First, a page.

"We cannot guarantee that no more sinkholes will appear but we have several teams, comprising public utilities companies and traffic police on standby if another sinkhole appears," he said.

He said sinkholes had emerged as the ground underneath was the meeting point between two types of soil.

"The Bukit Bintang area is very unique geologically as it is the meeting point of the Kenny Hill and Caustic Limestone formation. The different geological conditions and soil densities made it challenging for our TBM," Azhar said during a press conference at the company’s headquarters in Menara I&P, Jalan Dungun, Kuala Lumpur, on 29 May.

He assured the public that all safety measures had been taken following the emergence of three sinkholes and a major water pipe burst over the past several weeks.

The first sinkhole appeared on 23 April opposite the LTAT building. The next sinkhole appeared on 26 April near Menara Worldwide and caused water pipes to burst. A third sinkhole appeared on 6 May in front of the Audi showroom.

Azhar said despite the use of surveillance equipment to detect any abnormal soil movement, there were various cavities that were either hollow, filled with water or loose soil, which could result in erosion when the TBM drilled past.

Separately, according to a report on the construction status of the Klang Valley Mass Rapid Transit (KVMRT) Sungai Buloh-Kajang (SBK) Line published in late-May 2014, the overall completion of the SBK Line is now at 43.49 per cent, placing the project ahead of schedule. On the other hand, tunnelling works for the 9.5km underground alignment are now more than half finished at 56 per cent.

In the next few months, it is anticipated that progress of SBK Line’s structural works will be in its busiest pace, paving the way for the commencement of interior fit outs and systems works in the coming years.

Besides construction of piers and station portals, as well as lifting of segmental box girders that make up the elevated guideway along the elevated sections of the SBK Line, the underground segment running from Semantan towards Maluri is also fast taking shape.

"For underground works, we are now casting the superstructures of the multi-storey stations such as the station box and floor slabs. In terms of tunnelling, we have finished excavating 90 per cent of the 7.5km high-risk karstic limestone geological formation of the underground alignment.

"One of the Variable Density TBMs is expected to finish the karstic limestone section by the end of July. When both TBMs have entered the ‘safe zone’ of the Kenny Hill formation, we will be safely on track to complete all tunnelling works by mid-2015," said MMC-Gamuda general manager for underground works, Ubull Din Om.

Of the 10 TBM drives, four are already completed and are being dismantled for refurbishment and reuse for other metro tunnels.

Five other TBMS are still in the ground, with two tunnelling at Jalan Bukit Bintang towards the Bukit Bintang MRT station, two from KL Sentral MRT station towards Pasar Seni, and one from the Pudu Launch Shaft towards Merdeka. The last TBM will be launched to tunnel from the Pudu Launch Shaft towards Merdeka.

The next two months will be most critical for the underground works contractor as it needs to tunnel past the last 10 per cent of the karstic limestone formation of the underground alignment. The challenge is to build two stacked large diameter tunnels (with an external diameter of 6.67m) across the undulating karst that is layered with the material of the Kenny Hill formation, without disturbing the fragile soil equilibrium.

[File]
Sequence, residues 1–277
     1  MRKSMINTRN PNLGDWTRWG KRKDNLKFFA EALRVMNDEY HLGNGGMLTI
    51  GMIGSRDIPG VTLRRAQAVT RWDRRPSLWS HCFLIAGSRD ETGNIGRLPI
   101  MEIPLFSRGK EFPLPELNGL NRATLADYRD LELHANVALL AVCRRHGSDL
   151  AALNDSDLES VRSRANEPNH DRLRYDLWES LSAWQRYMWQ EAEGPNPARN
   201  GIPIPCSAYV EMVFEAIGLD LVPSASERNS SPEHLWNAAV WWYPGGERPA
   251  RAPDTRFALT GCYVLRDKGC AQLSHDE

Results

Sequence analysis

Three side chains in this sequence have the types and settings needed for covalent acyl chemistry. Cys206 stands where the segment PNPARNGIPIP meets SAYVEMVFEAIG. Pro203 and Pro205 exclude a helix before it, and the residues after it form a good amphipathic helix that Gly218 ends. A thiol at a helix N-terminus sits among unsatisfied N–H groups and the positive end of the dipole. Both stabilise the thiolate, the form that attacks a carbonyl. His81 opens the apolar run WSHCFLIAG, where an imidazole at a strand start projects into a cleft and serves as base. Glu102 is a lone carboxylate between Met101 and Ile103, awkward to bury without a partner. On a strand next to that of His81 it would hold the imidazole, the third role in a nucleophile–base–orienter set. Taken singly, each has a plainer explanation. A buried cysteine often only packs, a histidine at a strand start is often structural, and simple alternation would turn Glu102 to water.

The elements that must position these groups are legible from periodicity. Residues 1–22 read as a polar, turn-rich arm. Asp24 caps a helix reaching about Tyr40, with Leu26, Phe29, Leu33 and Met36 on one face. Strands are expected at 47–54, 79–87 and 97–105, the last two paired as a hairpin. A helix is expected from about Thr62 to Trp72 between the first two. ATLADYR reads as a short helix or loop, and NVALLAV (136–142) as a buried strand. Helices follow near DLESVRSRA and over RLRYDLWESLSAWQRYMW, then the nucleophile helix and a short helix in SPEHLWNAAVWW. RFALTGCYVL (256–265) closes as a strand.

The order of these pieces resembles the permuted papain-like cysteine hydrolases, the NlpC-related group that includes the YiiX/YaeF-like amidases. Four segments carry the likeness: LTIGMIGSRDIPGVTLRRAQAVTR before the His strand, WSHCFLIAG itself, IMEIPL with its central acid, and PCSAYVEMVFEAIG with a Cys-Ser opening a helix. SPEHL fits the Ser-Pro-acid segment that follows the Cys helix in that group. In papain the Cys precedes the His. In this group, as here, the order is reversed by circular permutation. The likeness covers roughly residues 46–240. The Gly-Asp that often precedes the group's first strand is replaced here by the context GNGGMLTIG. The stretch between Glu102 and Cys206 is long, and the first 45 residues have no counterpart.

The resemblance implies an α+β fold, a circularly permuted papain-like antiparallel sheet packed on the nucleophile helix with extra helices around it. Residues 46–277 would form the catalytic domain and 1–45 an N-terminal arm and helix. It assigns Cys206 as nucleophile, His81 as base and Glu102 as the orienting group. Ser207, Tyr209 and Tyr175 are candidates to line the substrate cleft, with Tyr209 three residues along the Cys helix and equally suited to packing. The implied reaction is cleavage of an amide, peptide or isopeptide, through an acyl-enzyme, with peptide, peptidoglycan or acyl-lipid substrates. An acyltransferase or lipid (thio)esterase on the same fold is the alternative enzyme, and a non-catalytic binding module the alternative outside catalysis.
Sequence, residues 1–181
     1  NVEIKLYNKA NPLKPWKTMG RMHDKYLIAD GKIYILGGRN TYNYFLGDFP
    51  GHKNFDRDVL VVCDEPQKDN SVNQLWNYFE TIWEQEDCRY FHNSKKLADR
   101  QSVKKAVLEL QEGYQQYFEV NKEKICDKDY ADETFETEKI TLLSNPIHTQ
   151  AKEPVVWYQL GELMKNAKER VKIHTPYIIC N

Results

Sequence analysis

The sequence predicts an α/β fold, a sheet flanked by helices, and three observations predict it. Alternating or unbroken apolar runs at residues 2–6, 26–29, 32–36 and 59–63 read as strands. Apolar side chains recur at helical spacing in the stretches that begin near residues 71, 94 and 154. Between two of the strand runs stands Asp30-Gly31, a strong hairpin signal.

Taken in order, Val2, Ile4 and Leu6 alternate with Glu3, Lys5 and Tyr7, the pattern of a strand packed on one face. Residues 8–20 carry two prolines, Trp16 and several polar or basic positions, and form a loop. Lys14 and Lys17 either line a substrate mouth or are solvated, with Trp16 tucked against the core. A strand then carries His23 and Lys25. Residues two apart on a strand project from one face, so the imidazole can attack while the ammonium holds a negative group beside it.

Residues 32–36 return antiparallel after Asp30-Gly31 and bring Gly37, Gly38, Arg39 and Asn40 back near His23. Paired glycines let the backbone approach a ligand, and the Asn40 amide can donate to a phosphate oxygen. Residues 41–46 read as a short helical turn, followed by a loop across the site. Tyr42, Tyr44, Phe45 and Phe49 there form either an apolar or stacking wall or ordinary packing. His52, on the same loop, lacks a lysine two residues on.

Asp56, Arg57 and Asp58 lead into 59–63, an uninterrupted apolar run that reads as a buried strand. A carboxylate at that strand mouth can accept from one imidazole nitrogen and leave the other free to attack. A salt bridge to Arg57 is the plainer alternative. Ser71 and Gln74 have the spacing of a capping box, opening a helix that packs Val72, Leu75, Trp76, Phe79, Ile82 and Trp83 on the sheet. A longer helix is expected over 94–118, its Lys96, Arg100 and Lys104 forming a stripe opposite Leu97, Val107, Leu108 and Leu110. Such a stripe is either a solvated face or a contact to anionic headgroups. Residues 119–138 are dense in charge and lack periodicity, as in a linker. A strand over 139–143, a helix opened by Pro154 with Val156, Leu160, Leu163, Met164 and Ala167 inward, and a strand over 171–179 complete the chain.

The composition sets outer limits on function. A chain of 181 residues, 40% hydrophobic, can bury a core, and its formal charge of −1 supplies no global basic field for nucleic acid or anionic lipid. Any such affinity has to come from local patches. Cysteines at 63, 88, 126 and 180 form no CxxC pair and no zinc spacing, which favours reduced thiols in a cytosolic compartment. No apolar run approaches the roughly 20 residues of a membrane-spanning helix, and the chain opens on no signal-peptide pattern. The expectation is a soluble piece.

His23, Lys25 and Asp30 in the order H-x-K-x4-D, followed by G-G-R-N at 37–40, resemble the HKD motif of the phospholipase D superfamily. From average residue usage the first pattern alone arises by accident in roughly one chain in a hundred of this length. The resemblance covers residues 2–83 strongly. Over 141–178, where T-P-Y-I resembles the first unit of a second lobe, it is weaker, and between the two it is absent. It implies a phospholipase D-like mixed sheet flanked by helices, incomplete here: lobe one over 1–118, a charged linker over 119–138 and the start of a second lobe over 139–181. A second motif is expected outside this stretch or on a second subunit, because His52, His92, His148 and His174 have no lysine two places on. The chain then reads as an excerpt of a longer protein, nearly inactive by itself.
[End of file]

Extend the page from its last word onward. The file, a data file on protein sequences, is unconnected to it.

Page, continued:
"Ground condition at the interface location, which extends from the LTAT building towards the Pavilion shopping mall, under Jalan Bukit Bintang, proves to be riddled with karstic, fractured and contains cavities of mostly non-cohesive, silty top soil that is easily mobilised into movement even by slight changes of groundwater heads. The series of faults at this vicinity also result in blocky ground, which poses difficulties to the tunnelling works.

"We are on high alert 24/7 to monitor the situation and will deploy our emergency team if an incident happens," said Ubull, adding that healthy progress is made despite the huge challenge faced and thanked all parties involved who have helped ensure the tunnelling process progresses smoothly.

Aside from the geological aspect, tunnelling underneath live traffic in Bukit Bintang is also demanding in terms of public safety as it is one of the top tourist hotspots in the heart of Kuala Lumpur, and it is surrounded by numerous office buildings, luxury hotels, age-old shoplots and high-end shopping complexes.

To ensure high responsiveness to untoward incidents, hundreds of automated settlement markers and monitoring equipment are installed at buildings located within the ‘zone of influence’ to help surveyors determine the level of settlement that has taken place or changes in soil movement.

"With this information, we have been able to safeguard stakeholders’ safety, while at the same time tunnel effectively. Our surveillance personnel are on ground to observe abnormal changes to ground level, such as roads and pavements at all times. We are pleased that no major incidents have taken place thus far," said Ubull, adding that where settlement was detected, best practices in safety and remedial measures were implemented, which include temporary closure of lanes and ground treatment (grouting) to stabilise the ground.

"Despite the use of the latest building protection equipment, the most advanced TBM and the most comprehensive project management expertise, Bukit Bintang remains a daunting stretch to tackle. We look forward to completing this vital stretch as uneventful as possible," Ubull said.